The centerpiece of the event started with a tour of the LEED Platinum Teaching and Research Winery at UC Davis that introduced attendees to the special equipment that made the study possible. Then Fernando Buscema and Boulton gave a presentation of their research on Malbec cultivars and how they used the state-of-the-art UC Davis winery to conduct their experiments. Buscema’s M.S. thesis at UC Davis is the most in-depth study of Malbec ever published. It is also the largest single comparative cultivar study ever attempted. The project studied Malbec—comparing 26 different blocks in Mendoza with 16 different blocks from six different counties in California. The blocks selected from Argentina were as uniform as possible. The same irrigation methodology was used; and if hail-protection netting was used, all of the vines in the block had to have it.
Buscema harvested between 500 and 1,000 kg of fruit from each block between 24° to 25° Brix. The Argentine wines were fermented in 500 L plastic bins while the California wines were fermented in 250 L stainless steel fermentors. Winemaking was conventional: 150 mg of SO2 was added at crushing, and 24 hours later 200 mg per liter of Lalvin EC-118 yeast was added. A day later 100 mg/liter DAP was added. Fermentation temperatures were kept between 22° and 25° C. After 11 days of fermentation on the skins, the wine was pressed, and the free run juice was inoculated with Lalvin VP41 malolactic bacteria. Once ML was complete, free SO2 was brought to 35 mg per liter. Twelve bottles of each wine were sealed and kept standing at 15° C until analysis. Roger Boulton commented, “Only someone with Fernando’s enthusiasm and dedication could get this 60-year-old professor up at four in the morning to pick grapes from 16 locations all over the state. I have waited 25 years to do this kind of research. It would have been a complete waste of time to attempt before, but now with this new equipment we have here at the research winery, we are able to exactly replicate each fermentation, isolating out the specific vineyard contributions.”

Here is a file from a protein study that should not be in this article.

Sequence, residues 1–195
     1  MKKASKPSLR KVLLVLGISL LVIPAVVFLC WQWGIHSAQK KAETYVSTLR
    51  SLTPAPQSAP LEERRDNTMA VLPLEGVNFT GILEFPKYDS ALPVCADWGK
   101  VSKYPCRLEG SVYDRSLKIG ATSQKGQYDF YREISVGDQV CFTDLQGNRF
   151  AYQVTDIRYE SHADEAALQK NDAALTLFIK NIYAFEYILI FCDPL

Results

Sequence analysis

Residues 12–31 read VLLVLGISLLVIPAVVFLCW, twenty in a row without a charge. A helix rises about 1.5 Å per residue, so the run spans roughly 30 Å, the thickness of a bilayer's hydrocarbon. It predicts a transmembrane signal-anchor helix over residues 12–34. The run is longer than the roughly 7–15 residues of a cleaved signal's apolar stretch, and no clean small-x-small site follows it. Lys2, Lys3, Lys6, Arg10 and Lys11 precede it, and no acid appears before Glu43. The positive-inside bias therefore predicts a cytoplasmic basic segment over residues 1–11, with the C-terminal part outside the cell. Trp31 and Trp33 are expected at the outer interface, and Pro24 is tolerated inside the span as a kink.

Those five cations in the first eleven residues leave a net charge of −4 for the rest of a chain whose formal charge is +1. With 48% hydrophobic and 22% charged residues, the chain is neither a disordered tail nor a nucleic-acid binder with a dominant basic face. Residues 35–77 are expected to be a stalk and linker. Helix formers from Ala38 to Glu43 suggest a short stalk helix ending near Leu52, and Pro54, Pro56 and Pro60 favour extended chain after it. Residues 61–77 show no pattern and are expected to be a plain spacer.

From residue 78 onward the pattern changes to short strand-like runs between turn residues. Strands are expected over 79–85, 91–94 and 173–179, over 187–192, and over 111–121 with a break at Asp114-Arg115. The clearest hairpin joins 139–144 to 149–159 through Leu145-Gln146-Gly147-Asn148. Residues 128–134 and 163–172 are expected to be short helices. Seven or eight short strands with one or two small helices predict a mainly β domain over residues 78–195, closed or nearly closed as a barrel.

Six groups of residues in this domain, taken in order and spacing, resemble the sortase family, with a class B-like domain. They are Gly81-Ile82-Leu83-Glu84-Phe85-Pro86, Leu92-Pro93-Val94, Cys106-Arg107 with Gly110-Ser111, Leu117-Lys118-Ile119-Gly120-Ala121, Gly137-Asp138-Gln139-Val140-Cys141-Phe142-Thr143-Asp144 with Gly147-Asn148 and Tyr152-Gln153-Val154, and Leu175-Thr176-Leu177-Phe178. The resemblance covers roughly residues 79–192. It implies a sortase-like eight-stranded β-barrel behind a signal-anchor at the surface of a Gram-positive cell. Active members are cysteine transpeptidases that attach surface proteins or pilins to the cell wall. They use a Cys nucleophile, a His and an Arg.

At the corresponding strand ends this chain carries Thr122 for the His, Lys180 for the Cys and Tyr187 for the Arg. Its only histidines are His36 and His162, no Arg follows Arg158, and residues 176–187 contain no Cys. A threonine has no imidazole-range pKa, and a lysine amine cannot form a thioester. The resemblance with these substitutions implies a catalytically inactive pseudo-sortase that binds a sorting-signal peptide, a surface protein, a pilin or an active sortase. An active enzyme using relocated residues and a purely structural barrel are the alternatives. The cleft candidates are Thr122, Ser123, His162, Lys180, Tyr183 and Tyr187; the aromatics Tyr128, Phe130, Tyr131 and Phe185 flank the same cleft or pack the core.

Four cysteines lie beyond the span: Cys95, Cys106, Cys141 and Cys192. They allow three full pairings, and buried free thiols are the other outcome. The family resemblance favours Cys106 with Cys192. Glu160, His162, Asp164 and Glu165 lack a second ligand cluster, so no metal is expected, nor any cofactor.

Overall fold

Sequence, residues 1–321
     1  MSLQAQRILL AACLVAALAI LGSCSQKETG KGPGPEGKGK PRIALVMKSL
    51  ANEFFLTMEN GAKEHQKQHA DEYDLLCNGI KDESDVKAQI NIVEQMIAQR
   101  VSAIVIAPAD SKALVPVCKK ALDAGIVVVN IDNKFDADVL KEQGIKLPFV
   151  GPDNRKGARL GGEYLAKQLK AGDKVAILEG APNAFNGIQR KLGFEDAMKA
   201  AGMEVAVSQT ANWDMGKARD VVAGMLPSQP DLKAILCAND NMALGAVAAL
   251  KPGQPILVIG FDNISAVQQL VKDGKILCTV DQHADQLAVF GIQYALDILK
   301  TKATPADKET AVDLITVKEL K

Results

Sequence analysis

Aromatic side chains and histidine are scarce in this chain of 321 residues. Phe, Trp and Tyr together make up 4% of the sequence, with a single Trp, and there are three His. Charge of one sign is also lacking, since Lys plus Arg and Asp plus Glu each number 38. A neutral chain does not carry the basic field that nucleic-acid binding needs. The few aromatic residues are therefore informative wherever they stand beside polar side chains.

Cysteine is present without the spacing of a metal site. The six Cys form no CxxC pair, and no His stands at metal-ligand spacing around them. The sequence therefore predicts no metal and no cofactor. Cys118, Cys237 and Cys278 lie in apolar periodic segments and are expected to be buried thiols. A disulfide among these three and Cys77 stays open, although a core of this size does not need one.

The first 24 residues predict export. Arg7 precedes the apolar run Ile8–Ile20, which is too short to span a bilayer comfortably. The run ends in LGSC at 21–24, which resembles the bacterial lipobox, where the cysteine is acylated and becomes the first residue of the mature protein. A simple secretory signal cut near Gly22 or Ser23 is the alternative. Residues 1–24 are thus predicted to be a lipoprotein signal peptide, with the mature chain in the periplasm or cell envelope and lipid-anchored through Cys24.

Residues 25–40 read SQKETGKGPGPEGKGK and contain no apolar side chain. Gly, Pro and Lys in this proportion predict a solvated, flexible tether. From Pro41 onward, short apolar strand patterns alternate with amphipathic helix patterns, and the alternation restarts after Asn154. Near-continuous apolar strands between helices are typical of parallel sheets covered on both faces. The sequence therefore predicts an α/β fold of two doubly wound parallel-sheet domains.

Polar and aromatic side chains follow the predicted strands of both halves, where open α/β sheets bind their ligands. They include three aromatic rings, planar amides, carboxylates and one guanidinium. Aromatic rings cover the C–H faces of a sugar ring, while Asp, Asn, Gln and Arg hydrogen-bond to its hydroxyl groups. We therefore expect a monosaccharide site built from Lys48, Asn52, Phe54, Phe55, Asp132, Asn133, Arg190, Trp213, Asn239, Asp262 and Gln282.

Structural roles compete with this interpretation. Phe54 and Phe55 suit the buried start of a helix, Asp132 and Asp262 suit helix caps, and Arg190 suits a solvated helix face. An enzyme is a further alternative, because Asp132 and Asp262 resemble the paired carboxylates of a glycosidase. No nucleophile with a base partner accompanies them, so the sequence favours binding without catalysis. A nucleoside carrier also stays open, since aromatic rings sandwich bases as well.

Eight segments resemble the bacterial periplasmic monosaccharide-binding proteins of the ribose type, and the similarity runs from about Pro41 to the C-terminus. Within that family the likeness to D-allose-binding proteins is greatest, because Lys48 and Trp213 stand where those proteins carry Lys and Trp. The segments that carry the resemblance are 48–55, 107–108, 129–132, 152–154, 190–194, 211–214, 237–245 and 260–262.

Using HPLC liquid chromatography, Buscema focused on 30 phenolic compounds with a system called chemotronics to develop a fingerprint of the various wines. The research revealed that the Mendoza wines showed similarities but were significantly different from the California counties. All of the California counties separated from each other except for Sonoma and Monterey. All four of the Mendoza locations separated from each other although two were closely associated. Buscema determined that as expected, the phenolic compounds present in Malbec wines are affected by site characteristics.